Mary Beekman is a four-year-old ghost who resides in The Beekman Mansion, and considers Brent and Josh her “imaginary friends.” Follow Mary Beekman’s Diary each week to learn what it’s like to be a young child in early 19th century America
Before I opened my eyes this morning, I could tell it was going to be an exciting day. Josh was jostling the end of my bed. Brent is at my window, looking outand his feet are not standing still at all. “Mary, Mary, wake UP.” Josh was not even whispering. I am not afraid my sisters will hear because I am the only one who ever sees or hears Josh and Brent. Sometimes I wish no one could hear or see ME. Josh wants me to go to the barn first to gather the eggs. I must not go yet. It is not my turn to fill the egg basket. My younger brother would be very sad if I got the eggs first. We wait.
Brent is eager to see the colors we will choose for the boiled hard eggs. Yellow means spirituality and sunlight. Red means love and victory. The color purple represents royalty and wealth. Green means nature and growth. Some egg shells have very small ridges or stripes. No egg is the same. When we dye the eggs, the differences are very visible.
Some of the eggs, Mother will boil hard for stuffing. After they have cooled, I will help peel off the shell. Mother cuts them in half so the white is not damaged and then carefully lifts out the yolks. The yolk is yellow. She restuffs the eggs with a mixture of butter, fried parsley, minced onions, salt, pepper, mustard, and the pounded yolk. Father says they are indeed deviled eggs because they are seasoned with the spicy mustard and are as “hot” as the place where the devil resides.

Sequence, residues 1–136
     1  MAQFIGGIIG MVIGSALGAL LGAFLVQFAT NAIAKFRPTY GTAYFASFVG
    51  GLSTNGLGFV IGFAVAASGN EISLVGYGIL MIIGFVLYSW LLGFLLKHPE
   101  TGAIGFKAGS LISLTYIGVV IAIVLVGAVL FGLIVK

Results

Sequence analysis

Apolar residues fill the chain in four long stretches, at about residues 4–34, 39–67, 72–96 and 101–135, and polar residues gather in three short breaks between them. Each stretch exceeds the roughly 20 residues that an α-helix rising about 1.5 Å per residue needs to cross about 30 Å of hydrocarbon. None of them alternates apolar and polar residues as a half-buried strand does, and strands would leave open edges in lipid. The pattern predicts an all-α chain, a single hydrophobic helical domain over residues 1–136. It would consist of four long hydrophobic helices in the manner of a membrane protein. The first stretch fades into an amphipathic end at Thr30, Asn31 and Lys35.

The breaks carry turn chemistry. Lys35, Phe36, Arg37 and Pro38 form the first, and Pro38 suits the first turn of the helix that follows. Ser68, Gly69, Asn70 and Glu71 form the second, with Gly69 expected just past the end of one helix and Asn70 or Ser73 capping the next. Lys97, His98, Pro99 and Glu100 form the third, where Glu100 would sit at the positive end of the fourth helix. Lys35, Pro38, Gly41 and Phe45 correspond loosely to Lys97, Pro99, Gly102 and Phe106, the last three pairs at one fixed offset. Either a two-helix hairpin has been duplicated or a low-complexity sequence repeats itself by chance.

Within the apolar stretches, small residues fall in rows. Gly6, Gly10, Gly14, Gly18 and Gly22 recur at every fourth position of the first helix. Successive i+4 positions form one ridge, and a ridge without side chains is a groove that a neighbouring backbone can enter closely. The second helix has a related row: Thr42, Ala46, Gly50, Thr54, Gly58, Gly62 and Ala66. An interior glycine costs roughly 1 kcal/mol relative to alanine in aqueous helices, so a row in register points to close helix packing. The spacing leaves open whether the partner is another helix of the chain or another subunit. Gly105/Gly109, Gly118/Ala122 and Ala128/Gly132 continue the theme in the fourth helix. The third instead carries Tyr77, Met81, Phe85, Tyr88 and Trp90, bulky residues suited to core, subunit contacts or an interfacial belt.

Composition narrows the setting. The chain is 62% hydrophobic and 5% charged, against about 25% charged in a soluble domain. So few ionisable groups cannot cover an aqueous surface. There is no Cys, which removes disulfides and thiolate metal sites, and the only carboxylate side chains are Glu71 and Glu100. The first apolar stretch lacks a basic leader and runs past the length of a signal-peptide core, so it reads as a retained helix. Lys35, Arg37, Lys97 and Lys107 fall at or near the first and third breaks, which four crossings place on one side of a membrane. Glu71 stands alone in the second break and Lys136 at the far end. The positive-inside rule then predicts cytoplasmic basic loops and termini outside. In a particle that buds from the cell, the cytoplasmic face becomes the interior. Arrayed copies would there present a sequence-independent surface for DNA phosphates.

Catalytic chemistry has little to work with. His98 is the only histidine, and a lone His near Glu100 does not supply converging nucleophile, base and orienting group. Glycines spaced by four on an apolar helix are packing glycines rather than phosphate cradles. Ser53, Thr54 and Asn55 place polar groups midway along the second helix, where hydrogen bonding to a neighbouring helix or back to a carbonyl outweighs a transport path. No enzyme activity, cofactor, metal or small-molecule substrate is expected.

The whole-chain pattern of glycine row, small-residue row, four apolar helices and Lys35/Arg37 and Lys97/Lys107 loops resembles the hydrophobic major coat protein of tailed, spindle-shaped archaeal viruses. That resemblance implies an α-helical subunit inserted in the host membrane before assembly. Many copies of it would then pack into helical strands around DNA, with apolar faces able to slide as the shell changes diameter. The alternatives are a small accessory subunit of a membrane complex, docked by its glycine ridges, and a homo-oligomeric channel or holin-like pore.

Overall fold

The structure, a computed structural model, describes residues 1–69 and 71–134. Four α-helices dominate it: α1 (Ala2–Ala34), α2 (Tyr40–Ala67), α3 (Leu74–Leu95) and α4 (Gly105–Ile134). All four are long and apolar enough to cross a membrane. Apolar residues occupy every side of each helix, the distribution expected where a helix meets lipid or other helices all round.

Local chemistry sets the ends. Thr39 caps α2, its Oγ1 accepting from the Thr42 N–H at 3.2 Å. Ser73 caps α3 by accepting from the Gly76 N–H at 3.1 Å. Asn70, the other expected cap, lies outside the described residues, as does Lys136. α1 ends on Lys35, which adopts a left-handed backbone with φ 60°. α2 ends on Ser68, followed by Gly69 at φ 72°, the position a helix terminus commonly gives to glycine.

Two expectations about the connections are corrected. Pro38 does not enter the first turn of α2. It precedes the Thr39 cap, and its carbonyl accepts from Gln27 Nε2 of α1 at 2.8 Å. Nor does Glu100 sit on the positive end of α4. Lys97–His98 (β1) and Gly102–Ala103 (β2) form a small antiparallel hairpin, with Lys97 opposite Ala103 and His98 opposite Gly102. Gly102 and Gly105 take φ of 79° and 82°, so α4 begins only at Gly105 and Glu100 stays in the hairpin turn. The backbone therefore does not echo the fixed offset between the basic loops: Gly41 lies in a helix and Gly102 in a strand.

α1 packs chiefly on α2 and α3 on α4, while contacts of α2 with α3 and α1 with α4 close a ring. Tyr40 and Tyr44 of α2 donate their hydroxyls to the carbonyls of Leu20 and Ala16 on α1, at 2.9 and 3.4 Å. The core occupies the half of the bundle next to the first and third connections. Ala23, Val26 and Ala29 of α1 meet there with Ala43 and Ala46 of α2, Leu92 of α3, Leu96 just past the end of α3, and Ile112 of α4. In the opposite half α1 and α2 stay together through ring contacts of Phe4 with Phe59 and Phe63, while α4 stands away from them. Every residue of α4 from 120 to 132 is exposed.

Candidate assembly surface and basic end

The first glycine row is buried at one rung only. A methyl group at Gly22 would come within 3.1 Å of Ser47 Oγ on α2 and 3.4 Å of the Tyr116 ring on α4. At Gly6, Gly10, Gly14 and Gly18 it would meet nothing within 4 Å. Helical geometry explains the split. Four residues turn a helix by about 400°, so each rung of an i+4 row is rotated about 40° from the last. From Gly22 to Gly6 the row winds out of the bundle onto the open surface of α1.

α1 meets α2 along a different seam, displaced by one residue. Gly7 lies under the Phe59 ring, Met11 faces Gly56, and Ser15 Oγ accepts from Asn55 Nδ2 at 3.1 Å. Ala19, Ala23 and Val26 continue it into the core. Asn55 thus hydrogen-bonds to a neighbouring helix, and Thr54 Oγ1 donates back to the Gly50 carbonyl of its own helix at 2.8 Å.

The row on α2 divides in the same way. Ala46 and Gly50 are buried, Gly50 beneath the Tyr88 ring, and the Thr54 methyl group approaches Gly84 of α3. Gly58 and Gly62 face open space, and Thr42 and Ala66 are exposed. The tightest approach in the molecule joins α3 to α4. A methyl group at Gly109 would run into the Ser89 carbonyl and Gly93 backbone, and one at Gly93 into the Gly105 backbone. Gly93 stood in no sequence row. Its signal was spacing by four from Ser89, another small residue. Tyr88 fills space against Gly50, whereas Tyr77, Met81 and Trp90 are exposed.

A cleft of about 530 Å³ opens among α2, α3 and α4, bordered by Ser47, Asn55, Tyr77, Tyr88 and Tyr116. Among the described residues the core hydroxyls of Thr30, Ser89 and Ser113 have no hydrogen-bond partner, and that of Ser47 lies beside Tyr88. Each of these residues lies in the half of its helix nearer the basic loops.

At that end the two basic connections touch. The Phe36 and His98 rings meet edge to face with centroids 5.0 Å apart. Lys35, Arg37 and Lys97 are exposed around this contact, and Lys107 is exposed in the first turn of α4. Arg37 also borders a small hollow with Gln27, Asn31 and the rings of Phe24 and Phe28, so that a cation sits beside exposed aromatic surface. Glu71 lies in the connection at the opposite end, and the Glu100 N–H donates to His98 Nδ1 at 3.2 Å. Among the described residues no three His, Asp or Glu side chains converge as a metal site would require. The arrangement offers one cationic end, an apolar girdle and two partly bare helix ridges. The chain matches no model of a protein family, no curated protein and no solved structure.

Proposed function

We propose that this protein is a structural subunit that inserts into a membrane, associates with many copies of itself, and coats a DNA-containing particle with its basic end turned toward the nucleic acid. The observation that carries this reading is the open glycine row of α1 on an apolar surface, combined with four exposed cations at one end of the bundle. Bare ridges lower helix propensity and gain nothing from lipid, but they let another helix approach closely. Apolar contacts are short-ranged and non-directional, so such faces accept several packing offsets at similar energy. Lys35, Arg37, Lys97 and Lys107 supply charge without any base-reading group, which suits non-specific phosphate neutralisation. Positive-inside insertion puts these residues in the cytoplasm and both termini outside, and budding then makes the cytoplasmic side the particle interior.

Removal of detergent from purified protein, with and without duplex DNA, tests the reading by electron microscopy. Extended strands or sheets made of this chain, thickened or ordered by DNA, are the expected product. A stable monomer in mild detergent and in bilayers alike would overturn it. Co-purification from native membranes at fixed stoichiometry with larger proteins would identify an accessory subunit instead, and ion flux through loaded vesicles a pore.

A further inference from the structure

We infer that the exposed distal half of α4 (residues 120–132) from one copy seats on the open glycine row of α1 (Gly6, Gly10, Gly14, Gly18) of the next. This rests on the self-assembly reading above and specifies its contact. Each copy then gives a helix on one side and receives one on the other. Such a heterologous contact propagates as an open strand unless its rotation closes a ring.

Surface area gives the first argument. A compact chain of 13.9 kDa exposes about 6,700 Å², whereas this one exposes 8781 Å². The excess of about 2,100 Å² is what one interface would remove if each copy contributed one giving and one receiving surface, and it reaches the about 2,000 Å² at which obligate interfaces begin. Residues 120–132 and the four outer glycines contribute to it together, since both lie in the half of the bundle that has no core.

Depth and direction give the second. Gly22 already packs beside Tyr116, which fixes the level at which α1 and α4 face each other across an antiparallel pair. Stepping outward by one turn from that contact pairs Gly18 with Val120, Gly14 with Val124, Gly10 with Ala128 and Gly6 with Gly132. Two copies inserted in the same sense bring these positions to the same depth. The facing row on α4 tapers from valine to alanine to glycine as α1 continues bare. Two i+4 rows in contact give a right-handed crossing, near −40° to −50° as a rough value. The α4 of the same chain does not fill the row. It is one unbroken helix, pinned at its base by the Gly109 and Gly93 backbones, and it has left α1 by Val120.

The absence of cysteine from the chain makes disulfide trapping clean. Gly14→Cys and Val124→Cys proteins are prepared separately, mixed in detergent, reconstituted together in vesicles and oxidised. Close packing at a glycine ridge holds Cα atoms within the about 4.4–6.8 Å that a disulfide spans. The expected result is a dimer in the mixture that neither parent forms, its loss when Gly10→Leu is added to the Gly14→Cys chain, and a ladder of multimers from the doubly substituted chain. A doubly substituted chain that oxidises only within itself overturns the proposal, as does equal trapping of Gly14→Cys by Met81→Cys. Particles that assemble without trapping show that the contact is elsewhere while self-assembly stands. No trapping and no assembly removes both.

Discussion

I became confused and did not keep the boiled hard eggs separate from the few raw eggs Mother set aside for baking. I was not paying proper attention and my hands did not keep record of what they were doing. Josh says that happens to him frequently. Brent told me not to be concerned because he was certain he could tell which eggs are the raw ones. I was most thankful. He spun an egg with his fingers and thumbs then he suddenly stopped the spinning egg with the tip of his finger. He removed his finger from the egg. The egg remained still. “There”, said Brent, “THIS is a hard boiled egg. If the egg had kept turning slowly, it would still be raw.” Mother then asked me to please hand her a boiled hard egg. I do hope Brent is correct.